It’s probably too late for stop and frisk in Philadelphia anyway. The great advantage of New York is that it just isn’t that black. Philadelphia unfortunately seems to have reached the tipping point where it is headed toward the irrelevance of a Baltimore or Detroit.

    Replies: @Redneck farmer, @AnotherDad, @Jack P

    Heard a black guy a couple of years ago swear the violence is Philadelphia was driven by black gang members who moved from NYC.

  35. The city government has rolled out an array of efforts to address the crisis, including grants for community groups, violence intervention programs and earlier curfews. But on one crucial matter, there seem to be no ready answers: what to do about all the guns.

    I think they’d carry out rain dances and voodoo rituals before they’d ever consider, you know, arresting criminals

  36. Author Salman Rushdie attacked on lecture stage in New York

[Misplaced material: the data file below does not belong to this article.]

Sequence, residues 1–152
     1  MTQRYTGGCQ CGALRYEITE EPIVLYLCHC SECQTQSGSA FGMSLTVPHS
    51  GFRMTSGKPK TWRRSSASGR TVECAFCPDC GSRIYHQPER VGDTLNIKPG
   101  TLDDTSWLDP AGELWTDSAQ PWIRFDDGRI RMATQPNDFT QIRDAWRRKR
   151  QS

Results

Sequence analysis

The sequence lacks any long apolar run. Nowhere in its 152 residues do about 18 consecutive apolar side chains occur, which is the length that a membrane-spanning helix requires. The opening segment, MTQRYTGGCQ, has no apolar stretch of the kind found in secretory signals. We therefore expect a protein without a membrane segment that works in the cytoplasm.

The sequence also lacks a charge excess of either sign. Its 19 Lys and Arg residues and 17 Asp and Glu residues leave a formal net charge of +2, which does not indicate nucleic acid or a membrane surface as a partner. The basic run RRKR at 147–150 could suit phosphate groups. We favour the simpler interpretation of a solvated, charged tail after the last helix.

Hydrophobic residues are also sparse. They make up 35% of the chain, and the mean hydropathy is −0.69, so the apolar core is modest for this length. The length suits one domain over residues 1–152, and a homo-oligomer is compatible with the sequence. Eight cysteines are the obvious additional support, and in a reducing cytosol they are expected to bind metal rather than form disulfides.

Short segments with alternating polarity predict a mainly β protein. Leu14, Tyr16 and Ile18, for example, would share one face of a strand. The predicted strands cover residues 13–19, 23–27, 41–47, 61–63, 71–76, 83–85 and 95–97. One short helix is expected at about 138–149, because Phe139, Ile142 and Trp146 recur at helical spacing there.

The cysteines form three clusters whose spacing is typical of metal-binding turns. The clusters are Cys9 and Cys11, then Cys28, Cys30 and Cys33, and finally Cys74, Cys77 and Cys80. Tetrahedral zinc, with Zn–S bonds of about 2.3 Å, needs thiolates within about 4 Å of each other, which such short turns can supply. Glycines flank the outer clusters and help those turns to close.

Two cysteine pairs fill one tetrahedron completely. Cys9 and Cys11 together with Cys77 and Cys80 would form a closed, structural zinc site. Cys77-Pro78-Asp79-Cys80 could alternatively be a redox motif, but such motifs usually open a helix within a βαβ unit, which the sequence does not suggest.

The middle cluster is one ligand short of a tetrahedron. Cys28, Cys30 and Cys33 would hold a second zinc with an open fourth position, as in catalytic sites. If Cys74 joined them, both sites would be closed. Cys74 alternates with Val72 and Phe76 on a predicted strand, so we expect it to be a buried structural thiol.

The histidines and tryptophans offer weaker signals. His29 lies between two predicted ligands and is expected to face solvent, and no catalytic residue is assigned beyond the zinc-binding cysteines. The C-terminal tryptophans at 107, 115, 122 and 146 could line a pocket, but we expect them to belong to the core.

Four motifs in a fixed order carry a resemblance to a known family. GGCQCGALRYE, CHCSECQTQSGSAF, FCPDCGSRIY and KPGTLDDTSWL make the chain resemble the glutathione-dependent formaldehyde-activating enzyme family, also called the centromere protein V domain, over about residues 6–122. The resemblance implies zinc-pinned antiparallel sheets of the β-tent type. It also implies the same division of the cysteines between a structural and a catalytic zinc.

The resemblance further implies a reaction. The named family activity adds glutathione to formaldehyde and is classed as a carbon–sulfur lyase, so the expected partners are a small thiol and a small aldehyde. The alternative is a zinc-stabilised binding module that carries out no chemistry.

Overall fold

In Chappaqua! Where was Bill and Hill’s detail?

    Not Chappaqua. Chautauqua, in the far western part of the state.

  37. @Reg Cæsar
    @Harry Baldwin

    Njál was invited to a party, drank too much mead, and gouged his host's eye out. Not an ideal guest.

    Nor is this guy. A few minutes ago:


    Author Salman Rushdie attacked on lecture stage in New York

    In Chappaqua! Where was Bill and Hill's detail?

    Replies: @Alec Leamas (hard at work), @Harry Baldwin, @shlomit

    Nor is this guy. A few minutes ago:

    Author Salman Rushdie attacked on lecture stage in New York

    In Chappaqua! Where was Bill and Hill’s detail?

    Prepare to hear about the inherent White Supremacy of Ayatollah Ruhollah Khomeini’s acolytes.

  38. @Ghost of Bull Moose
    It is a false assumption that Krasner gives a solitary shit if blacks shoot each other.

    Same goes for Soros. If you asked him about it, he'd probably laugh, or make whatever croaking noise a demon makes when amused.

    Conservatives run themselves into dead ends identifying logical inconsistencies and hypocrisy on the Left. Assume they are doing what they want to do, which is demoralize local law enforcement, induce early retirements and discourage civic-minded young men who support law-and-order from enlisting in the local PD.